|Bigham, Jerry - THE OHIO STATE UNIV|
|Brown, Glenn - OKLAHOMA STATE UNIV|
Submitted to: Vadose Zone Journal
Publication Type: Peer Reviewed Journal
Publication Acceptance Date: January 1, 2007
Publication Date: April 9, 2007
Repository URL: http://hdl.handle.net/10113/12753
Citation: Allred, B.J., Bigham, J.M., Brown, G.O. 2007. The impact of clay mineralogy on nitrate mobility under unsaturated flow conditions. Vadose Zone Journal. 6(2):221-232. Interpretive Summary: Because of growing concerns over environmental problems such as nitrate (NO3-) contamination of aquifers in agricultural areas and the Gulf of Mexico hypoxic zone, there is a need for better understanding of the processes affecting nitrate transport through the soil profile. Therefore, laboratory experiments were conducted to assess the impacts on NO3- mobility, due to various clay minerals commonly found in soil. These clay minerals impact NO3- mobility in one of two ways, anion adsorption and anion exclusion. Anion adsorption occurs when negative NO3- ions are attracted to positively charged soil particle surfaces, thereby becoming attached on or concentrated next to these soil particle surfaces. If anion adsorption is a dominant process, NO3- mobility in soil is reduced. Anion exclusion occurs when negative NO3- ions are repelled from negatively charged soil particle surfaces. If anion exclusion is a dominant process, NO3- mobility in soil is increased. The types of clay minerals present can greatly influence whether anion adsorption or anion exclusion is a dominant mechanism affecting NO3- movement through the soil profile. Experimental results indicate that if conditions are acidic and the clay mineral, kaolinite, is present in sufficient quantities, then NO3- anion adsorption will occur. If conditions are not acidic and the clay minerals, illite and montmorillonite, are present in significant quantities, then NO3- anion exclusion will occur. Furthermore, given dry enough conditions, anion exclusion processes can produce high concentration “pulses” of NO3- that move through the soil profile. The results of this research can be used to evaluate the environmental NO3- contamination risks associated with different soils.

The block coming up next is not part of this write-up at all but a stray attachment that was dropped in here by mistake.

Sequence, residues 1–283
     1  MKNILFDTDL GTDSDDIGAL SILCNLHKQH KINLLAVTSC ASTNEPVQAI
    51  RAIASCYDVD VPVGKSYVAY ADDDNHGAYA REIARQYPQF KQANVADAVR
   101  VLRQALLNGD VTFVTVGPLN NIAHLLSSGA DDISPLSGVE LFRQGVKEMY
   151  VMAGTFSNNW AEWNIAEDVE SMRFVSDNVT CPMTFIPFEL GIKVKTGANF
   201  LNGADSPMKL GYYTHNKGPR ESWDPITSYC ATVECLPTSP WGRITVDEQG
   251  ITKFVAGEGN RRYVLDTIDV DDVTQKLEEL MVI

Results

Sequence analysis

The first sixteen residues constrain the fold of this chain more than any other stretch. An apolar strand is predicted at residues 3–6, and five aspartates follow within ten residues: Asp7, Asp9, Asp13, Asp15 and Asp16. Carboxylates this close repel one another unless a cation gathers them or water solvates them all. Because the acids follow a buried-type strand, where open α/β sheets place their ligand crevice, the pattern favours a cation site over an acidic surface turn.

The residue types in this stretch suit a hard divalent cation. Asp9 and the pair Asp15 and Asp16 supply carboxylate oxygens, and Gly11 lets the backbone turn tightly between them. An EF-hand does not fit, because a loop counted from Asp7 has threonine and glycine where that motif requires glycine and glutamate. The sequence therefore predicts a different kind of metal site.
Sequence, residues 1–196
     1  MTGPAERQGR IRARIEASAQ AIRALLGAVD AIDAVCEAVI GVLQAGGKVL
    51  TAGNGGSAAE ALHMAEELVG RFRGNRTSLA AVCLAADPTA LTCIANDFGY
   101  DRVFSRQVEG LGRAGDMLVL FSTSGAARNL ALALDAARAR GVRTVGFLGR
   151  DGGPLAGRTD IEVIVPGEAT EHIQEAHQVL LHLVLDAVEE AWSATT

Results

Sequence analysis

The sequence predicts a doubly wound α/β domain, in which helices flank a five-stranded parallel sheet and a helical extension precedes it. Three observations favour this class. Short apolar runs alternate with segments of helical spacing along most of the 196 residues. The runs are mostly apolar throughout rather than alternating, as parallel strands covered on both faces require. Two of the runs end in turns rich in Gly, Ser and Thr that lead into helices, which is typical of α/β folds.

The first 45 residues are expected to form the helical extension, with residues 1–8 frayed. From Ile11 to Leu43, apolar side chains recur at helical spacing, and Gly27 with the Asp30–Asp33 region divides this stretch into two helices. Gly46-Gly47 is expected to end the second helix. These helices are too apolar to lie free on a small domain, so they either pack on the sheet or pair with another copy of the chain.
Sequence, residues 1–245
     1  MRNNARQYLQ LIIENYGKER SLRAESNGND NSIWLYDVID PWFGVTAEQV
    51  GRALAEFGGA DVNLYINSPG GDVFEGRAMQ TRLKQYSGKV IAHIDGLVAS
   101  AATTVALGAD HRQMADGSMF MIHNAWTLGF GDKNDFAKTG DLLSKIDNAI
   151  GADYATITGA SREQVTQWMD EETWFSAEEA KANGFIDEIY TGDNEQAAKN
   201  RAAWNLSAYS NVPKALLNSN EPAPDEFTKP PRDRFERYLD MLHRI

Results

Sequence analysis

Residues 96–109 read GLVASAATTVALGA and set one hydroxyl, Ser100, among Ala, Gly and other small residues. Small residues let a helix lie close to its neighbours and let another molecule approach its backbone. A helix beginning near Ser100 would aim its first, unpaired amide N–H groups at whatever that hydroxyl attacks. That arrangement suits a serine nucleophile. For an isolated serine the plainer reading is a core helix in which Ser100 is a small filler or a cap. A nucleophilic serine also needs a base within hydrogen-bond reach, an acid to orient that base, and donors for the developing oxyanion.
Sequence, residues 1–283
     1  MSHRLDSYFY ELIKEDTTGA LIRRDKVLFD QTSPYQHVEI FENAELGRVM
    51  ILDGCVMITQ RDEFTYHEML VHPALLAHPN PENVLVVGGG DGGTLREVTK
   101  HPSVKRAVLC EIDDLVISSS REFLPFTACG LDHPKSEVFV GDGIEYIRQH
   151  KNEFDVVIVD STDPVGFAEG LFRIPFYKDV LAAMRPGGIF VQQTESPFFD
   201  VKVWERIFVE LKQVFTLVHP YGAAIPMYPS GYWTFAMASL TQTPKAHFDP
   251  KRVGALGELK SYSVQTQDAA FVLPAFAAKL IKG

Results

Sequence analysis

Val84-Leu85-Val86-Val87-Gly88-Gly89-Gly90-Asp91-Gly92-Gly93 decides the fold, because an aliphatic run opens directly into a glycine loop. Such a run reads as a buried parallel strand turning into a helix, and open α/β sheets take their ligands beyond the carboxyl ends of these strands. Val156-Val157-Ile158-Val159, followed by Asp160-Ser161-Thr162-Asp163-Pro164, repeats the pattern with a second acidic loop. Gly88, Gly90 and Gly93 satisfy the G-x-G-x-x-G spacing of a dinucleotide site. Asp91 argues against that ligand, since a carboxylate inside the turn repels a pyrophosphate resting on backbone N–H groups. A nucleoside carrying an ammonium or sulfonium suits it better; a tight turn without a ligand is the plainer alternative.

Technical Abstract: Due to environmental concerns, there is a need for better understanding of processes affecting nitrate transport through the soil profile. Transient unsaturated horizontal column experiments were therefore conducted to assess clay mineralogy impacts on the electrostatic processes affecting nitrate (NO3-) mobility. Replicated tests were conducted on a quartz sand, mixtures of the sand and one or more clay minerals (kaolinite, illite, and montmorillonite), and two natural soils (with organic matter removed). In each test, a 200 mg/L nitrate-nitrogen (NO3--N) solution was injected at the inlet of dry soil columns. Comparison of corresponding NO3--N concentration (reported with respect to soil solution) and volumetric water content profiles from the column tests provided valuable information regarding soil mineral composition impacts on NO3- transport. With the exception of a small peak at the wetting front, concentration profile values for the 100% sand were consistently around 200 mg/L NO3--N elsewhere within the wetted portion of the columns, thereby indicating extremely weak electrostatic interactions involving NO3-. Anion adsorption processes in the kaolinite(25%)/sand(75%) mixture produced a result in which the NO3--N concentrations adjacent to the inlet of the columns were approximately 20% greater than that of the injected solution. Anion exclusion was the dominant electrostatic interaction affecting NO3- mobility in the illite(25%)/sand(75%), montmorillonite(25%)/sand(75%), and kaolinite(15%)/illite(7.5%)/ montmorillonite(7.5%)/sand(70%) mixtures and in the Slaughterville and Teller series soils from Oklahoma. Evidence of anion exclusion in these clay/sand mixtures and natural soils includes soil solution NO3--N concentrations near the column inlet that were 11% to 19 % less than the solution concentration originally injected at the inlet. Further strong anion exclusion evidence includes peak soil solution NO3--N concentrations that were greater than 200 mg/L, by factors of 1.7 to 5.4, found at column wetting fronts for the clay/sand mixtures and natural soils containing significant amounts of illite and montmorillonite. Overall research results indicate anion adsorption is an important process affecting NO3- mobility in low pH soils, with limited organic matter, having a clay-sized fraction dominated by kaolinite, while anion exclusion is a key electrostatic interaction influencing NO3- mobility in near neutral to high pH soils, especially if significant amounts of montmorillonite are present.